That may have contributed to the more diverse slate of nominees this year. Jordan Peele's "social thriller" Get Out brings together two elements that Oscar voters usually shun: Black people and horror movies. But Peele became the first Black filmmaker to receive Oscar nominations for writing, directing and Best Picture in the same year, and the first Black screenwriter to win Best Original Screenplay.
Rachel Morrison became the first female nominee ever for Best Cinematography, for the movie Mudbound--although she's now better known for her work on Black Panther.
And Yance Ford became the first openly trans director nominated for an Oscar, for his documentary Strong Island, about the racially charged murder of his brother.
And then there is this year's Best Picture and Best Director winner, The Shape of Water, which seems deliberately constructed as a 1960s fairy-tale version of everything Donald Trump hates: A disabled, working-class woman with a healthy sense of her own sexuality unites with her Black co-worker, her closeted gay neighbor and a sympathetic Russian spy to rescue her fish-monster lover from a villain who is so much the embodiment of stereotypical white male toxic masculinity that he is literally rotting due to his own violence and stupidity.
Oh, and this whimsical story of forbidden love is directed by a Mexican immigrant.
BECAUSE OF the long life cycles of feature films, particularly studio blockbusters, the effects of any social change are slow to percolate through Hollywood.
The more diverse films landing on the big screen today are arguably the product of conversations going back as far as the 2013 summer movie season, which was particularly barren if you were looking for any protagonist who wasn't a white dude.
Black Panther, the superhero movie currently smashing box-office records, was announced back in October 2014, in the wake of the Ferguson uprising and Trayvon Martin's murder. Whether you see this as marketing opportunism or a genuine desire for Black pop cultural heroes, the end result is a movie that's currently on track to make a billion dollars worldwide.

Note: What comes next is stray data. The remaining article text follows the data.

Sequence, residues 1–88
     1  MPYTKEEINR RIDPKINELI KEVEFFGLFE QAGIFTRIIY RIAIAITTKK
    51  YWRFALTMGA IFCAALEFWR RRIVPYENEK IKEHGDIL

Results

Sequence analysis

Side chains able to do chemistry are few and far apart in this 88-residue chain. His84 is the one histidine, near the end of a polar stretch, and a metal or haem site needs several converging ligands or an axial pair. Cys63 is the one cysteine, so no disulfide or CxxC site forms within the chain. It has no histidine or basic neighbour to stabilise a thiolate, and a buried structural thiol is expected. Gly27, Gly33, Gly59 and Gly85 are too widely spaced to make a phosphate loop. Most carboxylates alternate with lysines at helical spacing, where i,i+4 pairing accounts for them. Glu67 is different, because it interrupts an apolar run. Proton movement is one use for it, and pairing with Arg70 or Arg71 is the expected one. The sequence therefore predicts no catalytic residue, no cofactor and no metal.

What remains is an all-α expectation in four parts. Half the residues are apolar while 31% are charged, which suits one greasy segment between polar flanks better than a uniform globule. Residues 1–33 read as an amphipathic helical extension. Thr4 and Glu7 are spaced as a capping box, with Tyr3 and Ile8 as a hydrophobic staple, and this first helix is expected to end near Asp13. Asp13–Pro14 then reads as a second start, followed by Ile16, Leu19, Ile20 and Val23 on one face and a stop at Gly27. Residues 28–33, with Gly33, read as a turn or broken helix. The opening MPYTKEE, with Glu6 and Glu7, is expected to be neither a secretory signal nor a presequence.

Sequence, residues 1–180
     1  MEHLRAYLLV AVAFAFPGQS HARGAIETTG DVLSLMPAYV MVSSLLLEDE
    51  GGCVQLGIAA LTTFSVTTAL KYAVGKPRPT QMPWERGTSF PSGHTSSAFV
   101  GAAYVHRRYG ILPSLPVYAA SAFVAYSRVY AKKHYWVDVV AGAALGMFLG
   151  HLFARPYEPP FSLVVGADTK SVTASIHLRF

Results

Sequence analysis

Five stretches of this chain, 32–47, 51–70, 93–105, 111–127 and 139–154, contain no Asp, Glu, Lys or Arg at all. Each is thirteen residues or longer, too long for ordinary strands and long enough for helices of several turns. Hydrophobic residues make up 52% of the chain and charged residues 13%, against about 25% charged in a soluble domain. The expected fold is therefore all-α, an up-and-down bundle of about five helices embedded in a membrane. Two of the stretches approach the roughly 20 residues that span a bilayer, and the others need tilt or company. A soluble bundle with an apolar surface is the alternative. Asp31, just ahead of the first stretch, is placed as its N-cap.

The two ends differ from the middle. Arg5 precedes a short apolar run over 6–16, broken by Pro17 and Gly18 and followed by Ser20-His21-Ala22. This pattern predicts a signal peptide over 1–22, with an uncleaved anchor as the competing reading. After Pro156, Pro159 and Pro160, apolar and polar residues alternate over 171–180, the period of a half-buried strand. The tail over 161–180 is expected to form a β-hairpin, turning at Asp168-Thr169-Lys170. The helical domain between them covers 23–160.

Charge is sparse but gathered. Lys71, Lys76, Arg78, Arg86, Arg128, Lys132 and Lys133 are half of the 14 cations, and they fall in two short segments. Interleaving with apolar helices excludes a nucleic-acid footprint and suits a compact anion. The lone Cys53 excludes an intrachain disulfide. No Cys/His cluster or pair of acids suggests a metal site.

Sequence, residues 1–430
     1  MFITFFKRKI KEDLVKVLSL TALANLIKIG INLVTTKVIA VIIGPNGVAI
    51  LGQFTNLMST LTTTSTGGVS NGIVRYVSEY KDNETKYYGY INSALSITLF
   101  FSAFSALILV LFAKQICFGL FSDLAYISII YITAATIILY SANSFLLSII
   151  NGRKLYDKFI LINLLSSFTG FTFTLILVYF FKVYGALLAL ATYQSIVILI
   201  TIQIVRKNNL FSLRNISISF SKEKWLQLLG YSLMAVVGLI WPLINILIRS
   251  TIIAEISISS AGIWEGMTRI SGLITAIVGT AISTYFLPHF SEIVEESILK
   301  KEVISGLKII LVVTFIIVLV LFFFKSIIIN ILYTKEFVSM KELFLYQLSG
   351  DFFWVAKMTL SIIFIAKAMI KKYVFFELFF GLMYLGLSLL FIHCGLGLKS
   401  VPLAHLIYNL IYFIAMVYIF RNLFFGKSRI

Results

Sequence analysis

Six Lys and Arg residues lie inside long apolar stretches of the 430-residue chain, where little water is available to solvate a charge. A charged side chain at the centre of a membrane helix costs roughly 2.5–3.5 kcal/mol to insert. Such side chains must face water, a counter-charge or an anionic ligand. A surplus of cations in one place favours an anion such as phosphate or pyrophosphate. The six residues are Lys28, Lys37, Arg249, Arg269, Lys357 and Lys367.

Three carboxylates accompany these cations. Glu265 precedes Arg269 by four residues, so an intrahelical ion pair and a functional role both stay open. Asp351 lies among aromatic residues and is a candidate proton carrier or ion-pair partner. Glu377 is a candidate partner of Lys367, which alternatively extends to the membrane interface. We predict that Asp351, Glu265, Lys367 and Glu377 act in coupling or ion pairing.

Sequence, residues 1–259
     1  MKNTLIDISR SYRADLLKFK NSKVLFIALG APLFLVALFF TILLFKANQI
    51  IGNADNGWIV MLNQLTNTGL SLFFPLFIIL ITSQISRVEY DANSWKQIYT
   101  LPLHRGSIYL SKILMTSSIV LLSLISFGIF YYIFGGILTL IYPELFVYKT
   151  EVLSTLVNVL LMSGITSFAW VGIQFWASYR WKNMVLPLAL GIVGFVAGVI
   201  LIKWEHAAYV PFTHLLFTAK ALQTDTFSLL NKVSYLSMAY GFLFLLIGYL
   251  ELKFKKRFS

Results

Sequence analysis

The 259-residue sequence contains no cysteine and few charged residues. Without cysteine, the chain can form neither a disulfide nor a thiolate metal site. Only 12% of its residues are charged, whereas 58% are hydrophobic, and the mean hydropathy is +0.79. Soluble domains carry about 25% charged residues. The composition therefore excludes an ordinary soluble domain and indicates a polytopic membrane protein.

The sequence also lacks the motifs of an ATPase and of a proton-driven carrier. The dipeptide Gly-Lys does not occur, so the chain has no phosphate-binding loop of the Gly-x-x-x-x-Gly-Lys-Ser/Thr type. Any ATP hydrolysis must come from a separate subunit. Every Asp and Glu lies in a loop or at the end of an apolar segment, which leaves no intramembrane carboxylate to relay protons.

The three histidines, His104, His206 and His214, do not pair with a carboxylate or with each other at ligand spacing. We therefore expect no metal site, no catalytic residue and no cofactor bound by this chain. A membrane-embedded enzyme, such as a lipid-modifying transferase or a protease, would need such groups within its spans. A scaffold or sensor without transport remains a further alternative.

On a larger scale, there is a demographic shift happening in Hollywood as the white boys' club of directors that went from making indies in the 1970s to blockbusters in the '80s begins to be replaced by younger filmmakers.
Ryan Coogler, the director of Black Panther, is 31. Greta Gerwig, who wrote and directed the Best Picture nominee Lady Bird, is 34. Patty Jenkins (Wonder Woman) and Ava DuVernay (Selma and 13th) are both 45--which is still young by the standards of how long it takes to succeed as a female director in Hollywood.
One could argue that the small but significant wave of Black writer/directors and Black stars reaching prominence in the films of 2017 and 2018 (Mudbound, Get Out, Moonlight, Black Panther and A Wrinkle in Time, plus John Boyega being cast in Star Wars and the upcoming Pacific Rim 2) is the echo effect of the Black Lives Matter protests of finally landing in Hollywood.
If so, who knows what films the echoes of #MeToo will produce in the next five years? But as Guillermo del Toro said while accepting the Oscar for Best Picture: "This is a door. Kick it open and come in."